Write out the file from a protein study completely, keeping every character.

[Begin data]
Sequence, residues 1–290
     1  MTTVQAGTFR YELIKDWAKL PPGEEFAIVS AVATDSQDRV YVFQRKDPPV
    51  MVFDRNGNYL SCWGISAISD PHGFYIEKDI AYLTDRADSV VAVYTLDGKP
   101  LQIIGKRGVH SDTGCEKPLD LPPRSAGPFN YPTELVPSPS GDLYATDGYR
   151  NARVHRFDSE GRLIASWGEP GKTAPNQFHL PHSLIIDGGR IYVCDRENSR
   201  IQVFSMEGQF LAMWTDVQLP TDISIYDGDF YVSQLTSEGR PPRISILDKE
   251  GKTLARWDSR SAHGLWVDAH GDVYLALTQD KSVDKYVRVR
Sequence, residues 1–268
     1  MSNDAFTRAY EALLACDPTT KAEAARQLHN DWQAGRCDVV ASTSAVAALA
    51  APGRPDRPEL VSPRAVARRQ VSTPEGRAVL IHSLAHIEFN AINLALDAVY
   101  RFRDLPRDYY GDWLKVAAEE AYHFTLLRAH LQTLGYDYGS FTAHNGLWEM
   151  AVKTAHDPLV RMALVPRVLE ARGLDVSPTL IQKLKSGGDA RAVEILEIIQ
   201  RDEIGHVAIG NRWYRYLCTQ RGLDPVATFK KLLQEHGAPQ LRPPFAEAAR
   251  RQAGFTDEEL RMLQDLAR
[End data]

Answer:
Sequence, residues 1–290
     1  MTTVQAGTFR YELIKDWAKL PPGEEFAIVS AVATDSQDRV YVFQRKDPPV
    51  MVFDRNGNYL SCWGISAISD PHGFYIEKDI AYLTDRADSV VAVYTLDGKP
   101  LQIIGKRGVH SDTGCEKPLD LPPRSAGPFN YPTELVPSPS GDLYATDGYR
   151  NARVHRFDSE GRLIASWGEP GKTAPNQFHL PHSLIIDGGR IYVCDRENSR
   201  IQVFSMEGQF LAMWTDVQLP TDISIYDGDF YVSQLTSEGR PPRISILDKE
   251  GKTLARWDSR SAHGLWVDAH GDVYLALTQD KSVDKYVRVR
Sequence, residues 1–268
     1  MSNDAFTRAY EALLACDPTT KAEAARQLHN DWQAGRCDVV ASTSAVAALA
    51  APGRPDRPEL VSPRAVARRQ VSTPEGRAVL IHSLAHIEFN AINLALDAVY
   101  RFRDLPRDYY GDWLKVAAEE AYHFTLLRAH LQTLGYDYGS FTAHNGLWEM
   151  AVKTAHDPLV RMALVPRVLE ARGLDVSPTL IQKLKSGGDA RAVEILEIIQ
   201  RDEIGHVAIG NRWYRYLCTQ RGLDPVATFK KLLQEHGAPQ LRPPFAEAAR
   251  RQAGFTDEEL RMLQDLAR